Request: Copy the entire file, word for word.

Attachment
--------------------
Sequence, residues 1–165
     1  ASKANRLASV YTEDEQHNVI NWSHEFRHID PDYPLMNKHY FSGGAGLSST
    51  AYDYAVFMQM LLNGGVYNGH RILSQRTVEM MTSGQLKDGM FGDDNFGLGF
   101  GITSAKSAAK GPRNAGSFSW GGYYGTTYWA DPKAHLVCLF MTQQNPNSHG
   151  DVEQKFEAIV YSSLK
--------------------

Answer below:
Sequence, residues 1–165
     1  ASKANRLASV YTEDEQHNVI NWSHEFRHID PDYPLMNKHY FSGGAGLSST
    51  AYDYAVFMQM LLNGGVYNGH RILSQRTVEM MTSGQLKDGM FGDDNFGLGF
   101  GITSAKSAAK GPRNAGSFSW GGYYGTTYWA DPKAHLVCLF MTQQNPNSHG
   151  DVEQKFEAIV YSSLK